The Blind Leading the Blind

I don’t know how many Bible stories you’ve heard, but do you think you could name someone in the Bible who had great faith, abundant courage, and truly followed God? Perhaps you’d think of Abraham, Moses, or David. Maybe the Apostles, Mary, or Jesus himself? All of these would be true, but I like the obscure stories and characters, since I’m an obscure person from an obscure corner of the world too.

Did you know there’s a Bart in the Bible? His story is briefly told in Mark 10:46-52. Of course the most famous Bart these days is probably the Springfield kid with oddly yellow skin, spiked hair, and a donut-loving dad. The Bart from the Bible is really named is Bartimaeus, but that’s awfully hard to spell and write, so I hope he doesn’t mind I’m going with Bart.

Bart was a blind beggar. He was literally sidelined and marginalized, begging by the side of the road in a time and place that had little or no help for those on hard times. But the funny thing about Blind Bart is that he could see better than most, because he had spiritual sight when almost everyone around him was spiritually blind. He was truly the blind leading the blind.

One day Jesus was coming through Bart’s town, and it was a big ruckus. I don’t know if the visually impaired in ancient times hung out together, but Bart must have heard about Jesus somehow. After all, Jesus had a habit of healing blind folks. It is clear that when Bart found out who Jesus was and what he could do, he believed. When he figured out Jesus was coming by, he didn’t hesitate, throwing decorum to the wind, screaming at the top of his lungs: “Jesus, Son of David, have mercy on me!”

Imagine the scene if your favorite politician was solemnly parading through Bennington with a great crowd, and as they approached the Four Corners, a panhandler started screaming at the top of his lungs: “Have mercy on me!” If you were in the crowd, you’d probably do what they did to this crazy blind guy–you’d probably tell him to shut up. Repeatedly. Someone might even rough him up a bit, or call the police over. We simply don’t have time for obnoxious low-lifes.

But Jesus stopped in his tracks: he has all the time in the world for so-called low-lifes. When everyone around Bart was shouting him down, getting in his way instead of helping him out, his courageous and persistent faith in Jesus prevailed. Of course the crowd flips quicker than you can say “spiritually blind,” suddenly encouraging Bart: “Take heart. Get up. He’s calling you.”

When they come face-to-face, Jesus asks Bart a profound yet simple question: “What do you want me to do for you?” It may seem painfully obvious what Bart wants, but Jesus asks anyway, showing him the respect perhaps no one else has. Besides, Jesus just recently asked this exact same question to James and John, two of his closest followers, and they botched it, requesting power and control for themselves, like the spiritually blind men they were (at the time). Instead of asking for his own glory, Bart simply asks for his sight back. He just wants to be who God made him to be. And of course Jesus does what God does: he gives sight to the blind. This man now has 20/20 vision both spiritually and physically: he can see Jesus with both the eyes of his heart and his body.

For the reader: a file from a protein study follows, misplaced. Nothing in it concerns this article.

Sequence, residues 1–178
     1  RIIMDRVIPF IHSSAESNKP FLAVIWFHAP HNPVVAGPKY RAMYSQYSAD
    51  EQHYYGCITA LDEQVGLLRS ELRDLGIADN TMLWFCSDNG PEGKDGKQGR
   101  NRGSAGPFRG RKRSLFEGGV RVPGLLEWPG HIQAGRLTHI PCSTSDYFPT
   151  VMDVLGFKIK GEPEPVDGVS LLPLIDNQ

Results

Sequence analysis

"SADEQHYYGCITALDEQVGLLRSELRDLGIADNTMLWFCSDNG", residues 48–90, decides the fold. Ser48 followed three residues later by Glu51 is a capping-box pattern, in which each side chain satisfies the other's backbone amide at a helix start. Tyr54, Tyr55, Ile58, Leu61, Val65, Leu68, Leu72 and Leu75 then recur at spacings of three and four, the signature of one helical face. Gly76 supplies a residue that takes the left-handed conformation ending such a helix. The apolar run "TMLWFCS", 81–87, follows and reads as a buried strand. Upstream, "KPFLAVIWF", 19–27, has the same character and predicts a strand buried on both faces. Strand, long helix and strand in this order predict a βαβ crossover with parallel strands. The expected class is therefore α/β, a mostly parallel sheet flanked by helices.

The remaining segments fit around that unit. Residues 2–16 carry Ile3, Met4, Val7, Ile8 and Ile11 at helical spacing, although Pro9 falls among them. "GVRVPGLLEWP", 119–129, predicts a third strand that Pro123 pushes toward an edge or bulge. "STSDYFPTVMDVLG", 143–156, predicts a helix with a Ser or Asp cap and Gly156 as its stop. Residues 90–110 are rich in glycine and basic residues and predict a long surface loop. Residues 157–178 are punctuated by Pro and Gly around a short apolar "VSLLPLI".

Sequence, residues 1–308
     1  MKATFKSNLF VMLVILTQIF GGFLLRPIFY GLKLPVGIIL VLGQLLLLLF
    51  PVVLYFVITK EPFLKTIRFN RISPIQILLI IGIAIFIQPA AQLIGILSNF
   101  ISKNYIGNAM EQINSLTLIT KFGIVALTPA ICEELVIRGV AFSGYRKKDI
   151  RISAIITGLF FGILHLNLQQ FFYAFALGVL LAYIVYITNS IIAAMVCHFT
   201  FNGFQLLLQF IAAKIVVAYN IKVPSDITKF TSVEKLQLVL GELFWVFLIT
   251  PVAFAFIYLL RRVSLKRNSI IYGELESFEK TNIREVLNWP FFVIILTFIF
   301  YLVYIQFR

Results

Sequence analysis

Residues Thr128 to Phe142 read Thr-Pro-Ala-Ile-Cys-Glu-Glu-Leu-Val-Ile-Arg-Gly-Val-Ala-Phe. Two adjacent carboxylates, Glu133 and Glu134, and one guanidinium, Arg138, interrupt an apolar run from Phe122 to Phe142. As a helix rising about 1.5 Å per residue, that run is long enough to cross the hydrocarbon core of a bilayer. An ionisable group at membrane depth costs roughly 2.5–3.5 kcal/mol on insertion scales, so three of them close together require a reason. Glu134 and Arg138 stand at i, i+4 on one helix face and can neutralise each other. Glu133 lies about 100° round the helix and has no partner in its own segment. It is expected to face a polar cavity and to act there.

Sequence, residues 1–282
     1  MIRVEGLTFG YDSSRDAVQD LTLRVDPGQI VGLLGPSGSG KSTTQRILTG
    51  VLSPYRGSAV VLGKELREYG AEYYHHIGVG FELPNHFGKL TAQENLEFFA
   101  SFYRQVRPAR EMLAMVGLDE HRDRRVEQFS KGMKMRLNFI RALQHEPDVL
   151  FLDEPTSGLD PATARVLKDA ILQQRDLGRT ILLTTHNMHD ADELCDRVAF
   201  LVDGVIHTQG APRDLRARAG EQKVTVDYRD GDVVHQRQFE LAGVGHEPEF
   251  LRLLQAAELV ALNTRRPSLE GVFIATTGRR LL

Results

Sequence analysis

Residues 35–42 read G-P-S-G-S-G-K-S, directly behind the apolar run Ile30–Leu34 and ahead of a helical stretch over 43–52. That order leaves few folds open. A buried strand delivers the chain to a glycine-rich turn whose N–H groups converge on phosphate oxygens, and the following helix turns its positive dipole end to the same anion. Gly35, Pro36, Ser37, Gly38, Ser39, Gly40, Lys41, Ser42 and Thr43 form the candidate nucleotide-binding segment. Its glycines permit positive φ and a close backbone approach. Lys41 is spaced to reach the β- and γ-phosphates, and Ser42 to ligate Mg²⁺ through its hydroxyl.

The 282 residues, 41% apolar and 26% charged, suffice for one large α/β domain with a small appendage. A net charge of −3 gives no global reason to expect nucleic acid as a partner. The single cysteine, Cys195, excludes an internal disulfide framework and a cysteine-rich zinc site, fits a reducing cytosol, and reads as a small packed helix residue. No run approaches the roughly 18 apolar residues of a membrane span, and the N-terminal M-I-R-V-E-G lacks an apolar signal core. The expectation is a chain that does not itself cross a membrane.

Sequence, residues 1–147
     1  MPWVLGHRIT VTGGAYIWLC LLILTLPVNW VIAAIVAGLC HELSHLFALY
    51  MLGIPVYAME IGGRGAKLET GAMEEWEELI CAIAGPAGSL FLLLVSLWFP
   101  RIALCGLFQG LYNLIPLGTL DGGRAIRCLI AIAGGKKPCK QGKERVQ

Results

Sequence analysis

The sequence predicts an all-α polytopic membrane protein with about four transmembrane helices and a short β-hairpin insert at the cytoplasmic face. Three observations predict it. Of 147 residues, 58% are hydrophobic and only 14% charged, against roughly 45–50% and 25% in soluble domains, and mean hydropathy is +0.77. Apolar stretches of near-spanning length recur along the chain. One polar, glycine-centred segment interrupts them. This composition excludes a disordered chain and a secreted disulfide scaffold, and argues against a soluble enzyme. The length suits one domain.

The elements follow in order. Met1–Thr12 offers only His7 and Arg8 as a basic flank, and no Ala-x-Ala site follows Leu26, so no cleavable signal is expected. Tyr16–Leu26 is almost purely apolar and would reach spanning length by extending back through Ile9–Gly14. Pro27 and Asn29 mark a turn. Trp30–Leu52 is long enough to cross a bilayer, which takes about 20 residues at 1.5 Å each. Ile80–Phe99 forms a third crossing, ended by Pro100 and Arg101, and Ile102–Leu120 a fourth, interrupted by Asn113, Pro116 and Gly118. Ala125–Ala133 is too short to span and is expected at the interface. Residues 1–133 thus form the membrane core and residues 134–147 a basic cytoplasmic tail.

Jesus sends him on his way, but Bart has one more thing to show us about faith: he chooses to follow Jesus, all the way to the cross. Not only does he see Jesus for who he truly is (now both spiritually and physically), and not only does he have great faith in Jesus, but he does what we are all called to do: he follows Jesus. I can’t say for sure, but I’m fairly confident Bart literally followed Jesus all the way up to Jerusalem, and with his new eyes truly saw the depth and breadth of God’s love. He must have seen Jesus die on the cross, and even better, he must have seen Jesus resurrected in glory and power.

You and I can’t see Jesus right now because we are blinded by our own spiritual darkness. But Jesus is willing and able to open our spiritual eyes. That’s why he has come to town. All we have to do is follow Bart’s lead and cry out: “Jesus, have mercy on me!” Jesus always responds to our cries, stops in his tracks, calls us by name, and asks: “What do you want me to do for you?” Again, let’s follow Bart’s lead, and tell Jesus: “I just want to see you.”

Bob Wiegers is the pastor of First Baptist Church of Bennington, where you are welcome to come sing with us: “I once was lost, but now I’m found, was blind, but now I see.”

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